For the Black Panther Party, sickle cell was a vehicle to draw attention to racial and economic inequities.

GM: Why did the Party come to concentrate its health-care efforts around sickle cell anemia? What did they accomplish?

There was an article published in the Journal of the American Medical Association in 1970 that exposed disparities in the amount of federal research funding for various genetic diseases. Its author identified a tenfold difference between federal funding for research on genetic diseases that predominate among persons of European ancestry and monies for research on sickle cell anemia, a disease that is predominant among people of African descent. The article ended with a call for this disparity to be bridged and for greater attention to be paid to sickle cell. Many took up this charge, including the Black Panthers, who paraphrased the findings of this article in its newspaper, as well as black philanthropies and politicians. In the context of the black power era, this funding disparity became a powerful symbol of racial inequality.

GM: Why didn’t the Panthers commend the National Sickle Cell Anemia Control Act of 1972?

AN: This law, signed by President Nixon, increased federal spending on the research and prevention of the disease from less than $100,000 to more than $1 million. The state’s attention to black health issues after years of neglect was a victory for the Black Panthers. However, though they won this health care battle by bringing awareness to the disease and compelling the state to dedicate resources to study it, they lost the ideological war. For the Party, sickle cell was a vehicle to draw attention to racial and economic inequities. By providing funding but tossing aside the Panther’s political framing, the Nixon administration diminished the Black Panthers’ ability to link the disease to broader issues of inequality.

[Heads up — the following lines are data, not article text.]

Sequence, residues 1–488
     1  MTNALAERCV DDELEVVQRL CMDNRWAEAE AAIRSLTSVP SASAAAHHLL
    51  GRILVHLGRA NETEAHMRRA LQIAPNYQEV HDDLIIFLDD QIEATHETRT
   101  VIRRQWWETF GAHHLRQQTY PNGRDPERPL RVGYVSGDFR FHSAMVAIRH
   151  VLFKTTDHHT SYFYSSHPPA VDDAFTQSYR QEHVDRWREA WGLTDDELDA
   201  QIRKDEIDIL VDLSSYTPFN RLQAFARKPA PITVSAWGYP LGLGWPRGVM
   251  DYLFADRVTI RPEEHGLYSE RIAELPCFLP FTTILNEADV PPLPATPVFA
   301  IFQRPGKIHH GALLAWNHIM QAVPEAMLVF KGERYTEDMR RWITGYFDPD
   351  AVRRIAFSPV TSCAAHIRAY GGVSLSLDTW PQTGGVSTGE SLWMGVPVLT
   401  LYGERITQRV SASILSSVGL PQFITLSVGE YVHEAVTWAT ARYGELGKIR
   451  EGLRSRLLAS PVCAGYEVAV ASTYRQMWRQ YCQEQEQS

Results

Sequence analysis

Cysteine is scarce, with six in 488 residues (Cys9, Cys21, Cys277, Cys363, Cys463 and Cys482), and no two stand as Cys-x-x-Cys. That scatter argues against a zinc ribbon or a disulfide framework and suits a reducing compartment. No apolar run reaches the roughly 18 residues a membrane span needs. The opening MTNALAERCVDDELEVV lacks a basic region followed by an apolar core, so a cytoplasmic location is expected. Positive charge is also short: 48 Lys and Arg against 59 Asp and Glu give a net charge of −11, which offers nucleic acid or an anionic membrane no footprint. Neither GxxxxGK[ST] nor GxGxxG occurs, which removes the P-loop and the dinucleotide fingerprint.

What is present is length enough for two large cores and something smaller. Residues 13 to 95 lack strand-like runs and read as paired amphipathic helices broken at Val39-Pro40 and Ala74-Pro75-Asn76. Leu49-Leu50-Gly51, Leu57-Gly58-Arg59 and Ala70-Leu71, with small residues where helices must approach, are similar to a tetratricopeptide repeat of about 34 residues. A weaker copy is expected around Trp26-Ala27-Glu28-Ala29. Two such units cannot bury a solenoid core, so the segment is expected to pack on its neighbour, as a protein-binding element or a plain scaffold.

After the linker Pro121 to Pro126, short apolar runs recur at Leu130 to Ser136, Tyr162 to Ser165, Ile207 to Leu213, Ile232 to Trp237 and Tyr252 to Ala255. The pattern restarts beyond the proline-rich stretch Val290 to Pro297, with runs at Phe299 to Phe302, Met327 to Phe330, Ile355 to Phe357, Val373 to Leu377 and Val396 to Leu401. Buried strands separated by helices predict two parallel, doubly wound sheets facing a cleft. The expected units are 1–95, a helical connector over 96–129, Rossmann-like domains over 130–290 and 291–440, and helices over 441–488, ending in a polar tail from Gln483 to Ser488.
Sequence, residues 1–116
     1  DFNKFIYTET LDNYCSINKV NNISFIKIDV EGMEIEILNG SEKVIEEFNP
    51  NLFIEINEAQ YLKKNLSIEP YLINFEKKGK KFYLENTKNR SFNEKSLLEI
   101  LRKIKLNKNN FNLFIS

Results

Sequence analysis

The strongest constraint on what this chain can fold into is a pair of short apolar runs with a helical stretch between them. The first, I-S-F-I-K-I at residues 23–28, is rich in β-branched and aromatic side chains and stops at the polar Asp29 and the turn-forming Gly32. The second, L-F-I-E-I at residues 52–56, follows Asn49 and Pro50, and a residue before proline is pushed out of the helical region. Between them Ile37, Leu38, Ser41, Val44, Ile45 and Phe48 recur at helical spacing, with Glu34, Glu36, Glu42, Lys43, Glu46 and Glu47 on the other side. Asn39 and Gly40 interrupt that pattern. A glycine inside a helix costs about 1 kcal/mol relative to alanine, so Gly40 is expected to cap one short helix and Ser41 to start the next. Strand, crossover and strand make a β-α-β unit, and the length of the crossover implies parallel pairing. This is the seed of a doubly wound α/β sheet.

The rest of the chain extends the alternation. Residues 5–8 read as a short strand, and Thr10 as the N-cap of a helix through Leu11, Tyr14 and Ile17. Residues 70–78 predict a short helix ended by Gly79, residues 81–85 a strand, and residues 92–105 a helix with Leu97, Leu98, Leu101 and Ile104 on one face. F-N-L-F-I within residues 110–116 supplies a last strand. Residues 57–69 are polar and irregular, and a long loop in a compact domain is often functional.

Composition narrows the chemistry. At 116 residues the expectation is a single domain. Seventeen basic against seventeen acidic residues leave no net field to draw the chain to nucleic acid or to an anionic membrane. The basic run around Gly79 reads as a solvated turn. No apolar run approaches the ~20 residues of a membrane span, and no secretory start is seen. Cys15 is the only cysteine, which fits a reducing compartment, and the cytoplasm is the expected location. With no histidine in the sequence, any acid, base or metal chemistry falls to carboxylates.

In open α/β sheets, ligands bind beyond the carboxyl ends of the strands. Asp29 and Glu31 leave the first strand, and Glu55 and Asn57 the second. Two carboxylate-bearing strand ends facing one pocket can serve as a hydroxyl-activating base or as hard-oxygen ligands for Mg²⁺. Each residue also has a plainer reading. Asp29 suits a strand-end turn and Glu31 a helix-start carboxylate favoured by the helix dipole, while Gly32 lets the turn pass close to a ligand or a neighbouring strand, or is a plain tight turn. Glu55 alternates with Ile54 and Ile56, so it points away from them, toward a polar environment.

GM: Central to the Panthers’ health-care ideology was an acute skepticism of medical discourse. This stemmed, in part, from an awareness of how the politics of health and disease could compound the stigmatization, criminalization, and control of underprivileged populations. I’m wondering if we may be seeing some of this in the backlash against the Occupy Wall Street protests, where rhetoric of public “health and safety” has been used to defend the clearing of protest sites across the country.